Updated: Jun 13
1) Please tell us a little bit about NH Healthcare Workers for Climate Action. How did you become interested in working with this organization? Over the past five years or so, I have been involved in a lot of healthcare related advocacy work. I worked with Bob Friedlander on the campaign to promote COVID vaccines and address vaccine hesitancy. I also worked with another founding member, Judy Joy, on a program to assist long term care facilities during the pandemic. Both Judy and Bob reached out to me to see if I wanted to participate in an initiative to use the voice of healthcare workers, a very trusted voice, to educate the public and policy makers on the impact of climate change on health. I thought this was a great concept and agreed to participate, albeit in a small way due to other commitments. Now, about 10 months later, I am serving as the organization’s Treasurer, Interim Executive Director, and Co-Chair of the Policy and Advocacy Working Group. The organization has a critical mission, a group of dedicated volunteers and a truly remarkable employee, all working to share the message that climate change is impacting each and everyone of us, here and now, and we must do something about it today.
In just 8 months of operation, NH HWCA has grown to a total of 2500 interdisciplinary healthcare workers, including doctors, nurses, social workers, students, professors, and more. Our interdisciplinary working groups include Children's Health, Behavioral Health, Climate Justice, Communications & Education, and Policy & Advocacy. Each group meets monthly, and is working on their own respective projects. We also have an interactive webinar series with national experts on climate and health, that is free and open to all: https://www.nhclimatehealth.org/our-events
2) Climate change can and will affect our daily health. What are some of your concerns? Have you seen an increase in certain health conditions due to climate change? I am partially retired, but do work clinically a few days per week as a home health care RN. Many of the patients I care for have respiratory and cardiovascular disease that impacts their breathing. As temperature and humidity rise, respiratory conditions are exacerbated and these patients struggle to breathe, especially if they do not have air conditioning. In addition, vector borne illnesses are a major concern here in New Hampshire. Just this past week, my husband went to check on some American Chestnut trees he planted on Bragdon Hill land in Amherst. He came away with 17 ticks on his clothing and person from walking in the surrounding fields. He has been diagnosed with Lyme disease on at least two occasions over the past few years. I personally limit my outdoor time in early morning and late afternoon and evening because I frequently get mosquito bites and have concern about mosquito borne illnesses.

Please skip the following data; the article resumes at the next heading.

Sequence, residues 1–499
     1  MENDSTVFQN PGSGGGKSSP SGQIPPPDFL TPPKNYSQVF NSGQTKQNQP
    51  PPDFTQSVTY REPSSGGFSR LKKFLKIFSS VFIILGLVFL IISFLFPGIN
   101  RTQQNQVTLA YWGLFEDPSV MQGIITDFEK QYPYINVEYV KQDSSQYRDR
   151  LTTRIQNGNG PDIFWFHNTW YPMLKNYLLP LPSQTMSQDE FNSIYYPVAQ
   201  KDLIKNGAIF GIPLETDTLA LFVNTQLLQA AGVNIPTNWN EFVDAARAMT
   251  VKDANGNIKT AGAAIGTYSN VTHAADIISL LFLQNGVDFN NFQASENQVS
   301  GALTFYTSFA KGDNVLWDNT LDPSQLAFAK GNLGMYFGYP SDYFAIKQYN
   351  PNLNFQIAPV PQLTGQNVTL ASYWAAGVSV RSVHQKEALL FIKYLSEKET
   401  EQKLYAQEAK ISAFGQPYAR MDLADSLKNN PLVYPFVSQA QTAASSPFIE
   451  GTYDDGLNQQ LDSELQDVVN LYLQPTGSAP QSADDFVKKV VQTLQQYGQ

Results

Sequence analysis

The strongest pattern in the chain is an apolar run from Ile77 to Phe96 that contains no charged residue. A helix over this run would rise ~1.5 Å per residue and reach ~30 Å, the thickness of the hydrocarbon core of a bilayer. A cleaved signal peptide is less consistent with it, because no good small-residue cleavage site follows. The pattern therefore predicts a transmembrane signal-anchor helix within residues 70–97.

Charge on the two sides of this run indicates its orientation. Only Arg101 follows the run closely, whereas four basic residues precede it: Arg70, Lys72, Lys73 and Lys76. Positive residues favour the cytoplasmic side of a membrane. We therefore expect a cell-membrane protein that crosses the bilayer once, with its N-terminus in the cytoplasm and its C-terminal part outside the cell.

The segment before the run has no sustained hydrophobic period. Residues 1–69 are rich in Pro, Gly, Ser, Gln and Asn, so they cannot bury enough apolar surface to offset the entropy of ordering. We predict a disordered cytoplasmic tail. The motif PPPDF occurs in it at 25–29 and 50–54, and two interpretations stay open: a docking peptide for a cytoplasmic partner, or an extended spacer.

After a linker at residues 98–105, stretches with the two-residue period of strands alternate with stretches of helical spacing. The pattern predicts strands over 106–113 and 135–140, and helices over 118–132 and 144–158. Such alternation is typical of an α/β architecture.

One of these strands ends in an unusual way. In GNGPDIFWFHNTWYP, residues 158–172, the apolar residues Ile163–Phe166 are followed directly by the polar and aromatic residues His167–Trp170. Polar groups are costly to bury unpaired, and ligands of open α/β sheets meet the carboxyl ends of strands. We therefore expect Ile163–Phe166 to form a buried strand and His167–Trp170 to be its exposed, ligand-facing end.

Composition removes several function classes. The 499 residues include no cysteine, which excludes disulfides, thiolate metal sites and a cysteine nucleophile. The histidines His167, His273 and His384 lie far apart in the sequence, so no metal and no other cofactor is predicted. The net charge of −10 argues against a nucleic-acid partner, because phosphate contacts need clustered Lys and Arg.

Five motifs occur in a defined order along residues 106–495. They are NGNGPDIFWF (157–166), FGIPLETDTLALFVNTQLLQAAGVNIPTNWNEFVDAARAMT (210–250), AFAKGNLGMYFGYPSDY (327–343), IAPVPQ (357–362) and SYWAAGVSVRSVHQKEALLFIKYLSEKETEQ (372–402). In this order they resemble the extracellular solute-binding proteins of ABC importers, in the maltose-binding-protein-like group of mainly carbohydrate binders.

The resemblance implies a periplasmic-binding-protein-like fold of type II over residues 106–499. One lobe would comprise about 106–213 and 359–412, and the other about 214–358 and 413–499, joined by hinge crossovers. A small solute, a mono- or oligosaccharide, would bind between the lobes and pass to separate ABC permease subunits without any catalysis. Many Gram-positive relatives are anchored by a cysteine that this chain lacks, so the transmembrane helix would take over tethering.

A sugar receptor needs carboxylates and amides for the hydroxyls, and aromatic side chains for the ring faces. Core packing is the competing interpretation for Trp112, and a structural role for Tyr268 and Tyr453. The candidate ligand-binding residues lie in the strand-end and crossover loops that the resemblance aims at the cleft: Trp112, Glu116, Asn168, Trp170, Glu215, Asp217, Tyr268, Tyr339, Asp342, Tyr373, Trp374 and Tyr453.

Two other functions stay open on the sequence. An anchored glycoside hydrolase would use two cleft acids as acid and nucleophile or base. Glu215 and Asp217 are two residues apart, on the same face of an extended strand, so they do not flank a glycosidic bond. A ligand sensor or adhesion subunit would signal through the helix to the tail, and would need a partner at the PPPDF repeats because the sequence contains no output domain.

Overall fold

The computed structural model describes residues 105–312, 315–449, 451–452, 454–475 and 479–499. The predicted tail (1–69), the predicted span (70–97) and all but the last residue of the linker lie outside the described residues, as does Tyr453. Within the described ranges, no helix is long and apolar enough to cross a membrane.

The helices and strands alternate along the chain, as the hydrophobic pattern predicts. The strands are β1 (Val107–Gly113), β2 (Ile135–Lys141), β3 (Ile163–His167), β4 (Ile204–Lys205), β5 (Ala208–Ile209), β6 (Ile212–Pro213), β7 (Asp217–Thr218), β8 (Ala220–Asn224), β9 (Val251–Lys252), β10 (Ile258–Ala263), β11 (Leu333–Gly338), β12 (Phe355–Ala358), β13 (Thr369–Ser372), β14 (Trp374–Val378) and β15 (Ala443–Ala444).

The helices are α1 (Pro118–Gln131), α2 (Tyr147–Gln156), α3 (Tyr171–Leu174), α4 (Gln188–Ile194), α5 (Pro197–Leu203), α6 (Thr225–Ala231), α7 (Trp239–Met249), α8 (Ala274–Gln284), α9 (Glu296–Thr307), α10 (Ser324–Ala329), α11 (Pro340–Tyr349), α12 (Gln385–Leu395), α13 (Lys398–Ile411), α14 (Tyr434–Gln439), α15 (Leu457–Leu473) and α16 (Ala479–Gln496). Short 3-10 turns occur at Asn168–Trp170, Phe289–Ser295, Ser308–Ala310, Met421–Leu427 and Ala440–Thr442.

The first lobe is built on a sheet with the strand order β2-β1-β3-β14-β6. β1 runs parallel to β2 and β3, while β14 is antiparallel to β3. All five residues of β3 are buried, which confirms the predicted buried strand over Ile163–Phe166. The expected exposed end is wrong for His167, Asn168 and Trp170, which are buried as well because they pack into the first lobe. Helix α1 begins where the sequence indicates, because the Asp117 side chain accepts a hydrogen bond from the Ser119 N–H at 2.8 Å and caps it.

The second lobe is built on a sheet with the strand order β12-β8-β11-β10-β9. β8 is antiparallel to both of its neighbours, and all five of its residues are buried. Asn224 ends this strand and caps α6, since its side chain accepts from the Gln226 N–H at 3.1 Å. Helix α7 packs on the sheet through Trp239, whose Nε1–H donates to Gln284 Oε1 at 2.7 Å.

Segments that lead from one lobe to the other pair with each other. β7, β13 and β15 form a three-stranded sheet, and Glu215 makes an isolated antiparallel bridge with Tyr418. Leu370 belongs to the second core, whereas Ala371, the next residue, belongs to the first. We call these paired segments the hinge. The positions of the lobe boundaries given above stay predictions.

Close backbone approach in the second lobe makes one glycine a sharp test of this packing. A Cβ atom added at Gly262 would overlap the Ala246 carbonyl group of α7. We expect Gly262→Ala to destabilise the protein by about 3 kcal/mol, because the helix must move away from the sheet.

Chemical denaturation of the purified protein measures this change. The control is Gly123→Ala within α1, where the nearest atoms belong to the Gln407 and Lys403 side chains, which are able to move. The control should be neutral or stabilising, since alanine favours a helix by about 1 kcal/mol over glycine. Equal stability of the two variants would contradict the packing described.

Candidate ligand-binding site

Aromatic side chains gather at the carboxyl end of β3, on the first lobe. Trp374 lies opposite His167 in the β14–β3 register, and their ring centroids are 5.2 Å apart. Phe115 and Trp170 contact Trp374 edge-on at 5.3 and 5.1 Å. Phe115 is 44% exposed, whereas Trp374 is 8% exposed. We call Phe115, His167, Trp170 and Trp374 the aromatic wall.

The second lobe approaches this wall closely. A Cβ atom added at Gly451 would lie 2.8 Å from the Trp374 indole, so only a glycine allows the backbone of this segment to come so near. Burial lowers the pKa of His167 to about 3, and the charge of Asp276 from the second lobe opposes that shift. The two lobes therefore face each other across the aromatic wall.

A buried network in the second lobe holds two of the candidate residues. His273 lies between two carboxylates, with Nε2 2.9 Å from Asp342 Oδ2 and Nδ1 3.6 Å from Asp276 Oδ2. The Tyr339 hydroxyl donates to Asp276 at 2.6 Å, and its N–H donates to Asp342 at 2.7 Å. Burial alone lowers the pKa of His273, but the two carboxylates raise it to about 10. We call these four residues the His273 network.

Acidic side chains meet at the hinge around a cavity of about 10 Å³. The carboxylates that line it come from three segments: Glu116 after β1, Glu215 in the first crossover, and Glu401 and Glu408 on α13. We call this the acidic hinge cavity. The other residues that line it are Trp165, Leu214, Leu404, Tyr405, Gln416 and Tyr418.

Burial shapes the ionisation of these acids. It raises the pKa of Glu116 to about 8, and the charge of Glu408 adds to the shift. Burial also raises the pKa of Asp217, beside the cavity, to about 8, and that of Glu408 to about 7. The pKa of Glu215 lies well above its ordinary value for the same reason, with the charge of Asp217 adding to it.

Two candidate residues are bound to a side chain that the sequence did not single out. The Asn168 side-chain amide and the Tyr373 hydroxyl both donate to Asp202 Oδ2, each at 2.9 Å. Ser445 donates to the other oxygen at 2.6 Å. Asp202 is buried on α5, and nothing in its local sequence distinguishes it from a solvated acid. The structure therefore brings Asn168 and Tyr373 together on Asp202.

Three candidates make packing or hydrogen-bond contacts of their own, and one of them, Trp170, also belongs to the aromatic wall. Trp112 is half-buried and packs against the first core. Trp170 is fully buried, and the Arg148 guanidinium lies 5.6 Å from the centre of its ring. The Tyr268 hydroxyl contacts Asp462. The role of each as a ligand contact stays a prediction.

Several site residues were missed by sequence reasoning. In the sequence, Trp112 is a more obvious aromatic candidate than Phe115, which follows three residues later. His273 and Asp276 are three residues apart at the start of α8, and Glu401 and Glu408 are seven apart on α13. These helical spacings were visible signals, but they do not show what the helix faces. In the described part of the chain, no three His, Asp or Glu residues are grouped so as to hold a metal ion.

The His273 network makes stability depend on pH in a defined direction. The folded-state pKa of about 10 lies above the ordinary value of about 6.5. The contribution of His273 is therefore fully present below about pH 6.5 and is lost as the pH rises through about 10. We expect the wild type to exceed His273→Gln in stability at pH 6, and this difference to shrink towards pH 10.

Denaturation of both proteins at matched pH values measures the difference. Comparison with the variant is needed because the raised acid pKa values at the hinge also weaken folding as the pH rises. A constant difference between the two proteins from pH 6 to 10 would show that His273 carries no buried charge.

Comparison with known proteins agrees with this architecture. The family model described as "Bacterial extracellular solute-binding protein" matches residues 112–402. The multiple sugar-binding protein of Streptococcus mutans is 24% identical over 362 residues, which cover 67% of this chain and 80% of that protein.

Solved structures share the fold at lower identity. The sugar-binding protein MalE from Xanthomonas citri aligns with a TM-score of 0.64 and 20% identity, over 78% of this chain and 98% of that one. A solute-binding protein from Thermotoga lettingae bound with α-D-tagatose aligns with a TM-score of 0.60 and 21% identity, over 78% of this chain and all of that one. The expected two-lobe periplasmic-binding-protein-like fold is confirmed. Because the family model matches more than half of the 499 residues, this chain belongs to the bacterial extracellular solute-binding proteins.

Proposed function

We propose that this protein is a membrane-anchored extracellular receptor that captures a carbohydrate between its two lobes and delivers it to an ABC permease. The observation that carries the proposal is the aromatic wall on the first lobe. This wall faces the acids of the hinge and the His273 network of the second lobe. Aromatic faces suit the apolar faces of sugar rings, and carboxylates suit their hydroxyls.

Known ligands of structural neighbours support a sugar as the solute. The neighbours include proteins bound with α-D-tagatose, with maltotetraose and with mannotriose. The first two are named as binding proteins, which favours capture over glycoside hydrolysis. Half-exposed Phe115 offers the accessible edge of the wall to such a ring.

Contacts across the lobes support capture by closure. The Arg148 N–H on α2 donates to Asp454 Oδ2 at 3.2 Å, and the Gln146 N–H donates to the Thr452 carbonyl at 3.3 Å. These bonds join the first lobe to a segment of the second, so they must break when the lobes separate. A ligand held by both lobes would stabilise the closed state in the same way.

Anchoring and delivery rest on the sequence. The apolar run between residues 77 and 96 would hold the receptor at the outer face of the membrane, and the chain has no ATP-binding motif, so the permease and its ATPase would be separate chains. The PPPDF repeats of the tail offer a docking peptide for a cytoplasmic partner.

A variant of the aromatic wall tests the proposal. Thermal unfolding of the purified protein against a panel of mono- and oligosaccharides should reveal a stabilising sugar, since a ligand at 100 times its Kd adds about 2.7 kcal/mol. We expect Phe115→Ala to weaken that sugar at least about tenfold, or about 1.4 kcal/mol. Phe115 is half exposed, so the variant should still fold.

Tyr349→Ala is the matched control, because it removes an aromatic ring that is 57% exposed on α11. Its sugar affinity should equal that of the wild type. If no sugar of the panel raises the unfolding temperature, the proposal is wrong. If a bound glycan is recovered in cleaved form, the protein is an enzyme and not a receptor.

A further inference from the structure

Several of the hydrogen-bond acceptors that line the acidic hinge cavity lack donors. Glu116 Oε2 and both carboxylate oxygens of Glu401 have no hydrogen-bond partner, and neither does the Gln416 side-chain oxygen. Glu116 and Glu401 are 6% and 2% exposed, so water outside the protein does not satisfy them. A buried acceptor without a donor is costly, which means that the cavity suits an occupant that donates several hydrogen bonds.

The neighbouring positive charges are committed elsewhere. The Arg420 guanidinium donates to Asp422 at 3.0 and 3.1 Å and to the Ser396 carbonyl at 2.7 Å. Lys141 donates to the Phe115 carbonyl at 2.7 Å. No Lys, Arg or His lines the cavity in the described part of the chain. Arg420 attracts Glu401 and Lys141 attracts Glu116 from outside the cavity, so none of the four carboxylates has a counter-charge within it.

3) What are some easy and do-able ways the average person can improve their health and help ward off these problems? We all need to do what we can to reduce our use of fossil fuels. Use public transportation where available. Support public funding of mass transit systems, especially mass transit electric vehicles. Walk, bike and car pool when possible. Plan your errands so that you reduce the number of trips, thereby reducing your gas consumption. Keep your tires properly inflated. Buy a hybrid or electric vehicle. Stop using incandescent light bulbs and switch to LEDs. Turn off lights when leaving a room. Make sure your home is well insulated. Reduce your thermostat at night in during the heating season. Increase your thermostat during the cooling season. Eat more locally grown foods. Buy in bulk and reduce purchases of items packaged in plastic. Compost food waste, don’t throw it out.
4) Please tell us about your own zero-waste journey. What are some habits that you've successfully adopted and other areas where you're working to improve? This is still very much a journey for my husband and myself. We recently installed new windows throughout our home and selected windows that had a highly rated insulation factor. When we shop for appliances, we select those that use less energy. We use cold water for washing clothes and keep our showers brief. We set back our thermostat at night and when we are away. We are currently evaluating moving to geothermal energy to heat our home. I purchased a hybrid car at the end of 2020 (so happy now to get 55-56 mile/gallon at today’s gas prices). We buy many drinks in powdered form instead of in plastic bottles (like tea and sports drinks). I use a washing detergent that comes in a box of small strips instead of large plastic bottles. I’m sure there are more things we can and will do over the coming years. 5) Anything else you'd like to share with us? Most importantly, vote for candidates for office who support climate solutions. Contact your elected representative when they are considering legislation that addresses climate change and encourage them to vote in support of that legislation. Use your voice! Let your representatives know you care about our planet and you want action taken now to address global warming!